You’d never believe it would you? One of the world’s leading financial ratings groups S&P Global has been forced to withdraw its 2022 guidance and outlook because it can’t drum up enough ratings business.
S&P Global said Wednesday it has halted its financial outlook for the full-year of 2022, citing “extraordinarily weak” market conditions for its ratings business.
And that warning should be seen as an early indicator that all is not well in some corners of the financial markets and perhaps the global economy.
S&P Global said it can’t affirm its previously provided outlook, and expects to reintroduce formal financial guidance with its Q2 earnings results (due in July, at this stage).
The company said “year-over-year declines in the high teens in debt issuance volumes can be expected. Rated, or billed, issuance could be down by 30% to 35% from a year earlier, while leveraged loan volumes could be down by about 40%.”
S&P Global said its ratings revenue may be “negatively impacted” by nearly $US600 million relative to previous revenue guidance and its ratings adjusted operating margin could be in the high 50s range.
A “high 50s” operating margin after a downgrade? That’s a gross margin any company would be proud to enjoy.
The problem emerged in the first quarter results release when the company said that “Ratings transaction revenue was negatively impacted by a sharp year-over-year reduction in debt issuance” and added that it saw a fall in profit margin in the quarter as a result.
That situation has clearly continued in the first two months of the June quarter and is not a one off restricted to the three months of this year.
The March quarter report gave an idea of the size of the hit to the company’s ratings business:
“Reported revenue decreased 15% to $868 million in the first quarter of 2022. Transaction revenue decreased 31% to $404 million. Transaction revenue was negatively impacted by a year-over-year decrease in debt issuance across all categories, but particularly within high-yield, which decreased approximately 68% year- over-year.”
So what’s the latest statement mean?
Well, look at the factors S&P Global cited in its short release:
“Debt issuance volumes have been extraordinarily weak year-to-date. Should similar trends continue through the end of 2022, market issuance could see year-over-year declines in the high teens. Rated, or billed, issuance could be approximately 30-35% lower than the previous year, and leveraged loan volumes could be approximately 40% lower.”
That’s a warning that there has been a sharp fall in demand for borrowed money by corporates so far in 2022. And the falls seem to be significant to cause financial pain to a company that usually collects revenue from good and bad times.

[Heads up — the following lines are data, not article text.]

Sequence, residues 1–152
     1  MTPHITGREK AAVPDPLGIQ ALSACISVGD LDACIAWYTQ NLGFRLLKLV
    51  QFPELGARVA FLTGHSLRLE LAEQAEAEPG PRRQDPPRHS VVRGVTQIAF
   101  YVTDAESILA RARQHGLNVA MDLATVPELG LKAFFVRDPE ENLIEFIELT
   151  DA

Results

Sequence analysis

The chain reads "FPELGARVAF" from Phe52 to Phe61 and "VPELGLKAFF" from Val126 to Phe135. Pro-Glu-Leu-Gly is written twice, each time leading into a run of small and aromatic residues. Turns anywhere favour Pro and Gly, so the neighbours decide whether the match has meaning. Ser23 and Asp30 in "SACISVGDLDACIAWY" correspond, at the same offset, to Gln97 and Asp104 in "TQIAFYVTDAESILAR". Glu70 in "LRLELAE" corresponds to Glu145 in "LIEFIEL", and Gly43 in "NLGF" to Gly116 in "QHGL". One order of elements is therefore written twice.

Rival Moody’s has also reported a similar situation with its ratings business, citing a fall of 25% in rated issuances in the first quarter in its quarterly report. Moody’s listed similar factors and mentioning the volatility in interest rates as the Fed and others in the markets grappled with rising inflation, the war in Ukraine and its impact as well as a big drop in high yield bond issues.
While the problems were well known in early May after the quarterly reports from the two ratings giants, S&P Global’s surprise announcement on Wednesday should be a heads-up for investors starting to focus on the June 30 quarterly reporting season starting in six weeks’ time, especially the big banks which are early reporters.
If the demand for borrowed funds has or is falling, banks must be seeing a falloff in loan and debt issuances, especially the giants like JPMorgan, Goldman Sachs, Citi, Bank of America and Morgan Stanley.
S&P Global’s warning is ironic. The ratings group quite often downgrades companies when revenues and profits come under pressure or a country when the economy hits a rough patch or something very negative happens (such as a change of government).
So will S&P Global’s rating rivals put the company on a creditwatch negative, as the ratings agencies do when there is bad news? A change from stable to negative would seem fitting – a bit like the way S&P has handled Australia’s credit rating a couple of times in the past decade when it got all weak-kneed over something that didn’t eventuate.
Rival Fitch Ratings has S&P Global on a single A- (stable outlook) rating after the company’s $US44 billion merger with IHS Markit late in 2021. Rival Moody’s has S&P Global on an A3 stable outlook rating.
Ratings changes from Moody’s and Fitch – at a minimum a change in outlook to negative – would test the independence of the sector which is still being questioned for the weak performance leading up to the sub-prime mortgage debacle and GFC in 2007-2010,
S&P Global’s stock hit new year lows Wednesday in the wake of the announcement and withdrawal of guidance.